Rent control in Ontario
Rent regulation was first introduced in Ontario under the National Housing Act 1944. After lobbying by business it was repealed in under a decade.
The modern history of rent controls began in July 1975 when the Residential Premises Rent Review Act 1975 was enacted after the demand for rent controls became a major issue in the period leading to the 1975 provincial election. In 1979, the Residential Tenancies Act was enacted.
The Tenant Protection Act 1997 was enacted by the Progressive Conservative government of Mike Harris and proclaimed in June 1998. The Act retained selected rights and obligations contained in Part IV of the previous Landlord and Tenant Act. (Parts I, II, and III were retitled the Commercial Tenancies Act.) The Tenant Protection Act both repealed the Rent Control Act and removed the dispute resolution process of the Landlord Tenant Act, including evictions and rent increases, from the Ontario court system and assigned jurisdiction to a newly created quasi-judicial body, the Ontario Rental Housing Tribunal.
Under the TPA landlord applications for eviction were automatically granted without a hearing unless the tenant filed a notice of dispute within five days. This provision, had been the subject of a complaint to the Ontario Ombudsman and was removed from the new Act.
The Residential Tenancies Act, 2006 is the current law in Ontario that governs landlord and tenant relations in residential rental accommodations. The Act received royal assent on June 22, 2006 and was proclaimed into law on January 31, 2007. The Act repealed and replaced the Tenant Protection Act, 1997 and created the Landlord and Tenant Board as a replacement for the Ontario Rental Housing Tribunal.
Rent control in Ontario only applies to units that were first built or occupied before November 1, 1991. If the rental unit is in an apartment building constructed (or converted from a non-residential use) after November 1, 1991, then the rent control provisions of the Residential Tenancies Act, 2006 do not apply.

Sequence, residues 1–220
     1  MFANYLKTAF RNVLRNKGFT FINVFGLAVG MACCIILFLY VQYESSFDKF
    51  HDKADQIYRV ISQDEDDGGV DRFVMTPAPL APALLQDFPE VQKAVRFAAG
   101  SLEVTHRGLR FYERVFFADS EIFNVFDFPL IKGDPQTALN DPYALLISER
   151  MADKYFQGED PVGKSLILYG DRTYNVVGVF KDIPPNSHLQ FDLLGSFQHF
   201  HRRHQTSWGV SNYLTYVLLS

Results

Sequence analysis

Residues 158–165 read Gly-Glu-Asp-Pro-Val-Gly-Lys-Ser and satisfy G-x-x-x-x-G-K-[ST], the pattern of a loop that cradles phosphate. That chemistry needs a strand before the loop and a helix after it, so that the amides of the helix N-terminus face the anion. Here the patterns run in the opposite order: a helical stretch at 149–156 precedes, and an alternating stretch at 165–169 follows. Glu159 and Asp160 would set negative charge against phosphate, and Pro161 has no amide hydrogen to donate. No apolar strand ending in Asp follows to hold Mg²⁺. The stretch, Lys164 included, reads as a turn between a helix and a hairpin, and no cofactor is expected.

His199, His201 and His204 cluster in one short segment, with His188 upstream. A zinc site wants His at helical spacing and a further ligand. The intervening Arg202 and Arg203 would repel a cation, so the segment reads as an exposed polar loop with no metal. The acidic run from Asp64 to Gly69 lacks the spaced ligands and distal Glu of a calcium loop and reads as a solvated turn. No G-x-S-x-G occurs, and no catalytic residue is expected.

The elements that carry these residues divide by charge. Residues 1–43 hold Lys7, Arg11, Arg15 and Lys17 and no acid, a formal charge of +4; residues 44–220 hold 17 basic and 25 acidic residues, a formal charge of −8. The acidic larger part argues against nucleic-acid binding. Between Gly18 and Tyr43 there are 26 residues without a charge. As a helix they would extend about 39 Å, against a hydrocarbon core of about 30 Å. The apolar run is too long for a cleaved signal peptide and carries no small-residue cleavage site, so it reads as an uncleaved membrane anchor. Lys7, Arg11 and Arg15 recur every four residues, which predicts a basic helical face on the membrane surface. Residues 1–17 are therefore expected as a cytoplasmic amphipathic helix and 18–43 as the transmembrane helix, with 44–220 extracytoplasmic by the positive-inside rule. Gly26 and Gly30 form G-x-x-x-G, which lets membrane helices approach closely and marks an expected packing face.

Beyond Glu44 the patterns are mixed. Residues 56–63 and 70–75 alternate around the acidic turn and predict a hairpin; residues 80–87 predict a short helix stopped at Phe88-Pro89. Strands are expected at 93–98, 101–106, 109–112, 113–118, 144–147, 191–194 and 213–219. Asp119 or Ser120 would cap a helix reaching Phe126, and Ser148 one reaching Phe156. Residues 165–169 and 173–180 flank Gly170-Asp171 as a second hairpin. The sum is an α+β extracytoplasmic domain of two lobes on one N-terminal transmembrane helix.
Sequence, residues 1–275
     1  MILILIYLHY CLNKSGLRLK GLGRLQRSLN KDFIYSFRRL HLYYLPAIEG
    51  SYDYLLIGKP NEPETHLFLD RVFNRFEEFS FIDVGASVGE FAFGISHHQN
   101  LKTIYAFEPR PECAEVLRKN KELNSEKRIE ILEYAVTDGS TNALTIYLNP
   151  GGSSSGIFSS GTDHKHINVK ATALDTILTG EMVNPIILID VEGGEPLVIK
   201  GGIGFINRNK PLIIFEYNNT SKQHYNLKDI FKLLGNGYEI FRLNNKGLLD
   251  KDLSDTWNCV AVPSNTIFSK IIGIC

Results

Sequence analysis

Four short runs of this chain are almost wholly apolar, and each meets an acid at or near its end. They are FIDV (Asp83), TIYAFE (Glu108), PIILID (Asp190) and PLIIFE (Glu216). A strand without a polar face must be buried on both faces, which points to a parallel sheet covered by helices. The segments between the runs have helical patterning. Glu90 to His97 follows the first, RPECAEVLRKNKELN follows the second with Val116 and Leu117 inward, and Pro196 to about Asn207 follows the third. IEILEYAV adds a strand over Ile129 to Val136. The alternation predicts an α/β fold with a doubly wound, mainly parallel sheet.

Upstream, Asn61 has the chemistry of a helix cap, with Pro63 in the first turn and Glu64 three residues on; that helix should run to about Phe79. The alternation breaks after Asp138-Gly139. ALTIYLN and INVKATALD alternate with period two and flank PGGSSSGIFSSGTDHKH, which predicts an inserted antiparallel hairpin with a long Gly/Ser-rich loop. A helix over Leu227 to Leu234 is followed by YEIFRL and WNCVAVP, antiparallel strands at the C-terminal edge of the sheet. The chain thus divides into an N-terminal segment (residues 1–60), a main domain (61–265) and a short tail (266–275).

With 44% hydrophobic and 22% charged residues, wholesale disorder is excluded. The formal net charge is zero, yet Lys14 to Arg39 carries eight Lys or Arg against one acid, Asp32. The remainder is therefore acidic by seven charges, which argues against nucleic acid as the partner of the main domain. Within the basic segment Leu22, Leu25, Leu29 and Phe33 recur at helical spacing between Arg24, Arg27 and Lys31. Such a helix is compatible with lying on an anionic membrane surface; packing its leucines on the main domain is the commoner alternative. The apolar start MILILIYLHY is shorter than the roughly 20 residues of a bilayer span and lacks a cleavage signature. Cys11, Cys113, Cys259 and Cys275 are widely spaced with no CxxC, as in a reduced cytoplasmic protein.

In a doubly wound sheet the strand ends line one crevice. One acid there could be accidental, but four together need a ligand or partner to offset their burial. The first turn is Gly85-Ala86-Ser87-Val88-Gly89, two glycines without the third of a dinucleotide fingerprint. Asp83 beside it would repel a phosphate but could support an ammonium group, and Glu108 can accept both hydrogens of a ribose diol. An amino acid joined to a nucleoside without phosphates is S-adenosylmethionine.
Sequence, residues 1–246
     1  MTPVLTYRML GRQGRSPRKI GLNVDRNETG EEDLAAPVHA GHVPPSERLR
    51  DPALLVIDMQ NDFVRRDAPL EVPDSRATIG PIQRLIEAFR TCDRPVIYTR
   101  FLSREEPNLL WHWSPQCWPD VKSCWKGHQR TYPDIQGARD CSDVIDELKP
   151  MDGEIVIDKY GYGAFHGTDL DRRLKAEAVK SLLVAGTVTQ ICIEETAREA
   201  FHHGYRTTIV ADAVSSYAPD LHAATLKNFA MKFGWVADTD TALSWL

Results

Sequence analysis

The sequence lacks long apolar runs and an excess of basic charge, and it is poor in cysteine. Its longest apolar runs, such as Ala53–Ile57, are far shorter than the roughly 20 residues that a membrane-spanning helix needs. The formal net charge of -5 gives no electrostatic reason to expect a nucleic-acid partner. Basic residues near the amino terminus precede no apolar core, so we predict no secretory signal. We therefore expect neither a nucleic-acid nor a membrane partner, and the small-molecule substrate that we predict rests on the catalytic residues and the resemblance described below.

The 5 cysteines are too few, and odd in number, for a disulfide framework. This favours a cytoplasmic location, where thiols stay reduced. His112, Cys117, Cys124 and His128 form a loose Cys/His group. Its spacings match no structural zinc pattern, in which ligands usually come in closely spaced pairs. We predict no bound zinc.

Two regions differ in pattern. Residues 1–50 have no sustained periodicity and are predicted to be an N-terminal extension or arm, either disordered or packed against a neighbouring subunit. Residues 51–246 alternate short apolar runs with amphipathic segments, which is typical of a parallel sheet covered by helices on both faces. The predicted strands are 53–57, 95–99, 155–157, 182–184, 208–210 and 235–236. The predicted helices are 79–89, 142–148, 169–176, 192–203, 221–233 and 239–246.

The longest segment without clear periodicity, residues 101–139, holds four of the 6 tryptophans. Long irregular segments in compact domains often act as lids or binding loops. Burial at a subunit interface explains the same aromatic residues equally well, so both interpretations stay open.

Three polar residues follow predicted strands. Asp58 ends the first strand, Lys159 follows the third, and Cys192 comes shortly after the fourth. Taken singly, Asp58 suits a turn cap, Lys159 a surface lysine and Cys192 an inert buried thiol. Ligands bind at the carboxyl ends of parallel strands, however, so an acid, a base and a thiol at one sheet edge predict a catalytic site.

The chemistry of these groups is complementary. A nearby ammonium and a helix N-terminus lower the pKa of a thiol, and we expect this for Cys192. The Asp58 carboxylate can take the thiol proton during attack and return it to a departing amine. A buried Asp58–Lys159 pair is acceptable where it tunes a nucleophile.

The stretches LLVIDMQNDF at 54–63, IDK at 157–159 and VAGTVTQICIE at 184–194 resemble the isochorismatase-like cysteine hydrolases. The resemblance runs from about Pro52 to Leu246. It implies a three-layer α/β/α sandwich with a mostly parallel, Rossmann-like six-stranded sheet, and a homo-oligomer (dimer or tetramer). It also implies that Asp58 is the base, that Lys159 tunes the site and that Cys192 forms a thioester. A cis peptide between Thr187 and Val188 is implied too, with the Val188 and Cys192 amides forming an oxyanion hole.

On April 20, 2017, Premier of Ontario Kathleen Wynne, along with Chris Ballard, Minister of Housing, announced the Fair Housing Plan. The plan includes a provision to roll-back the post-1991 rent control exemption so that all private rental units, including ones built or first occupied on or after November 1, 1991 will be subject to rent control. This change will be effective April 20, 2017 regardless of when the legislation is passed.
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- "Bye bye 1991 loophole — rent control to expand to all rental units in Ontario". CBC News. Retrieved 2017-04-21.
- Intertenancy Rent Decontrol in Ontario (PDF) by Lawrence B Smith (University of Toronto, 2003)
- An economic assessment of rent controls: The Ontario experience by Lawrence B. Smith (The Journal of Real Estate Finance and Economics, 1988, Volume 1, Issue 3) pp 217-231
- Consultations to address affordable housing shortage by Laurie Monsebraaten (Toronto Star, 20 July 2009)
- Pressure mounts for Ontario to extend rent controls to all tenants by Susan Pigg (Toronto Star, 31 May 2013)
- Ontario NDP wants to close rent control loophole by William Wolfe-Wylie (Postmedia News, 4 June 2013)